This started back in the days of reed systems. Reed systems had two buttons for each servo (also known as an actuator). One button drove the servo one way and the second button drove it the opposite direction. It was almost impossible to operate two servos (4 buttons) with one hand, so the two main control functions, Elevator and Aileron, were placed on opposite sides of the transmitter. Many flyers still prefer this configuration even with today's radios. Many contest flyers insist that this gives better control of the aircraft. Mode 1 is not very popular among sport flyers in the U.S.A.. but it is dominant almost everywhere else.
Mode 1 has the Throttle and Aileron on the right stick. The Elevator and Rudder are on the left stick. The location of other controls vary with each manufacturer.
This mode has the Aileron and Elevator, the two main controls, on the right stick. The Throttle and Rudder are on the left stick. This mode has the advantage of making it easier to learn to fly. Most trainer aircraft can be flown with only the right stick except for takeoffs and landings. Mode 2 has become the default mode in the U.S.A. If you order a Radio Control unit from an American company, you will receive a mode 2 system unless you specify otherwise.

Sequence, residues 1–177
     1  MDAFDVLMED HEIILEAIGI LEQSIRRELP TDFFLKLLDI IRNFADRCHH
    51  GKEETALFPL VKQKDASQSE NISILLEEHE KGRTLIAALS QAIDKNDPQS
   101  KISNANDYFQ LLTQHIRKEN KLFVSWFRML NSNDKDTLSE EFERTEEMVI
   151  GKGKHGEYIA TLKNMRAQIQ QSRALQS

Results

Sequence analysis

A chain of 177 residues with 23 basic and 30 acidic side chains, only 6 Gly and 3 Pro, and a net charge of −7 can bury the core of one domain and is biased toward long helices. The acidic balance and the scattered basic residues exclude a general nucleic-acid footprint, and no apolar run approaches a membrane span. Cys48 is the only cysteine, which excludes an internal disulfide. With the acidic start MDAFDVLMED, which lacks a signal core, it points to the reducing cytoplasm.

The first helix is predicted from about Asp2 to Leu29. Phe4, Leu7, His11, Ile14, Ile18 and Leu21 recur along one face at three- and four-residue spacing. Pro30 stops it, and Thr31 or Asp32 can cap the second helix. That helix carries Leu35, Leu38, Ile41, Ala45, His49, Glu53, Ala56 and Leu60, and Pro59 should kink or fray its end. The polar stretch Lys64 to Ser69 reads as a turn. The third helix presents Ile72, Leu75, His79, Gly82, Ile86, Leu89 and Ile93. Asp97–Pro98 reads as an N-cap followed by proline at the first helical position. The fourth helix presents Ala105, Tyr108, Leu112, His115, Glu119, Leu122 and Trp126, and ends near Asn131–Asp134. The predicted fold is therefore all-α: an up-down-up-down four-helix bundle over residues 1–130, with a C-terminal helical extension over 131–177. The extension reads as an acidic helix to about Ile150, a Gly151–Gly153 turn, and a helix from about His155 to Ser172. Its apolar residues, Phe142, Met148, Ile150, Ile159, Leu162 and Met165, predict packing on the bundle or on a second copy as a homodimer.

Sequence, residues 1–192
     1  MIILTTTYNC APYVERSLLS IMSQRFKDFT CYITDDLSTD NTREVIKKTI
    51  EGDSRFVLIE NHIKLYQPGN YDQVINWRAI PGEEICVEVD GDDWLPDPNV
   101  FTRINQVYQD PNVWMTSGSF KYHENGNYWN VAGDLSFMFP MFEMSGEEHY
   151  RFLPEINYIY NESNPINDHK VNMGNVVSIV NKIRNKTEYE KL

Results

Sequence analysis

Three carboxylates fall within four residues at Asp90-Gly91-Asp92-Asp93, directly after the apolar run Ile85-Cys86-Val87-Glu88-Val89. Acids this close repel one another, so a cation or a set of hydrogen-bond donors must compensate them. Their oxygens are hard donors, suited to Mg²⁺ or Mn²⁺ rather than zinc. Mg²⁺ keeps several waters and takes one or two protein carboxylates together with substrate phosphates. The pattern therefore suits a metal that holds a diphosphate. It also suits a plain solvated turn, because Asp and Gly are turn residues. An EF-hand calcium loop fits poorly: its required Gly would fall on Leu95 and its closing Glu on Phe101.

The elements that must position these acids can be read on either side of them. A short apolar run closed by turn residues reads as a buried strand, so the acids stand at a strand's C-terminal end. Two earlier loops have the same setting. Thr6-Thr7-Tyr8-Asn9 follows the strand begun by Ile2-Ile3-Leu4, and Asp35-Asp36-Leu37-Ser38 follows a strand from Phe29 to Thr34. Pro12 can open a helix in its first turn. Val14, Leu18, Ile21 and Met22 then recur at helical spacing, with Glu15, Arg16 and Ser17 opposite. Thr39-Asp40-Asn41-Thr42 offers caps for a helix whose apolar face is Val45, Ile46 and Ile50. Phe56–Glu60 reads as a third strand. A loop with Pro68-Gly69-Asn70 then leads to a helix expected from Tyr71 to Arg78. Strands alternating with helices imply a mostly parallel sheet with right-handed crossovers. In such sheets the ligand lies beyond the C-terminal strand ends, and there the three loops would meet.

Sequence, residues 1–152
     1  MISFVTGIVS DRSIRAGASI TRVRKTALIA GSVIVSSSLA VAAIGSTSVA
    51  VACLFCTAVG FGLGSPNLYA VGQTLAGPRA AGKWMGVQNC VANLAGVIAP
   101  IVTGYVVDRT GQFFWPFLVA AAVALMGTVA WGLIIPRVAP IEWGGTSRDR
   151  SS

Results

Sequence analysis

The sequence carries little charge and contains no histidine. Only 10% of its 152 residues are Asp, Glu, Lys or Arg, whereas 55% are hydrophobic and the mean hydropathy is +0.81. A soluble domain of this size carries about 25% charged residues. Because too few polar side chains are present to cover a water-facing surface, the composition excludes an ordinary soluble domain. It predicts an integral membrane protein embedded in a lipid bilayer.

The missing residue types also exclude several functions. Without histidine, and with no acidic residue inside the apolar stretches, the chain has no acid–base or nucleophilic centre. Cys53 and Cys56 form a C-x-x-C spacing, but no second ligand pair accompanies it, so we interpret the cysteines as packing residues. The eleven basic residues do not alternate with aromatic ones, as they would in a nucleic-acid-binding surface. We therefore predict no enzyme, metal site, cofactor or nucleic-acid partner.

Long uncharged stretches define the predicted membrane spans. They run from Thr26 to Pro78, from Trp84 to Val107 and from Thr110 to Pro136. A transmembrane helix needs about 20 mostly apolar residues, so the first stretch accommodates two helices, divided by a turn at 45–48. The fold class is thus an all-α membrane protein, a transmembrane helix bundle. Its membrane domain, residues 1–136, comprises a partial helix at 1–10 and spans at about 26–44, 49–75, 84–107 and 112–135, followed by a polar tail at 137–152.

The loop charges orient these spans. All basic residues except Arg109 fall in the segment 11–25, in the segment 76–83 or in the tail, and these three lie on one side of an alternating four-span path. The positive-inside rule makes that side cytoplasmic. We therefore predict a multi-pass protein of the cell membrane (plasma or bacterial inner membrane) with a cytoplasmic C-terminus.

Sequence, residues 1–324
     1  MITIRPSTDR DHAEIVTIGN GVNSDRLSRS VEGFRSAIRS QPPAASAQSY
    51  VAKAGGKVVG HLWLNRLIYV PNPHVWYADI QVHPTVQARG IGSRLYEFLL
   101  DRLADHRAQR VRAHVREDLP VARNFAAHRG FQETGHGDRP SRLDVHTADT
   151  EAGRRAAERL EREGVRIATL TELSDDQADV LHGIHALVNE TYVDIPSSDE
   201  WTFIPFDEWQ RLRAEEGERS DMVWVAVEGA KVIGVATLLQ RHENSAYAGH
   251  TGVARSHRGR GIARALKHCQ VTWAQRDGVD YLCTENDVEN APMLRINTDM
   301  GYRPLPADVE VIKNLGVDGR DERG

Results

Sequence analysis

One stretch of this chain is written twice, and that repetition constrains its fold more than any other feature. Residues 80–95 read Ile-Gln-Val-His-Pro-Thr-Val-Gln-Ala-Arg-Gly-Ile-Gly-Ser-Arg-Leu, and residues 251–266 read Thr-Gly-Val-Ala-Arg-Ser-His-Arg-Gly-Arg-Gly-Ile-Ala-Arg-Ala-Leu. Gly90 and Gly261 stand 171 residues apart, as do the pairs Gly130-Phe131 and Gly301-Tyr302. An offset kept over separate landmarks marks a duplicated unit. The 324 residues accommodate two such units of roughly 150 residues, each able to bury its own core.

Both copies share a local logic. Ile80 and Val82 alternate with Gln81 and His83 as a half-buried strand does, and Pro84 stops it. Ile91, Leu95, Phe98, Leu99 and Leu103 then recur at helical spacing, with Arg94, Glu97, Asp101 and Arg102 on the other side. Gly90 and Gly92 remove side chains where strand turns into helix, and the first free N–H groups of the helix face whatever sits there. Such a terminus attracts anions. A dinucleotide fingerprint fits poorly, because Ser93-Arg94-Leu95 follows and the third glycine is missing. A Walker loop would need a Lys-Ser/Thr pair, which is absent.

Sailplanes and three channel trainer aircraft usually do not have ailerons. The Elevator and Rudder servos are then connected to the right stick of a mode 2 system. This makes learning to fly much easier.
These transmitters use a three axis stick. It combines the Elevator, Ailerons, and Rudder into a single control which can be operated with one hand. While once popular, this mode has all but disappeared. Generally they are only available in deluxe versions.
Frequently Asked Questions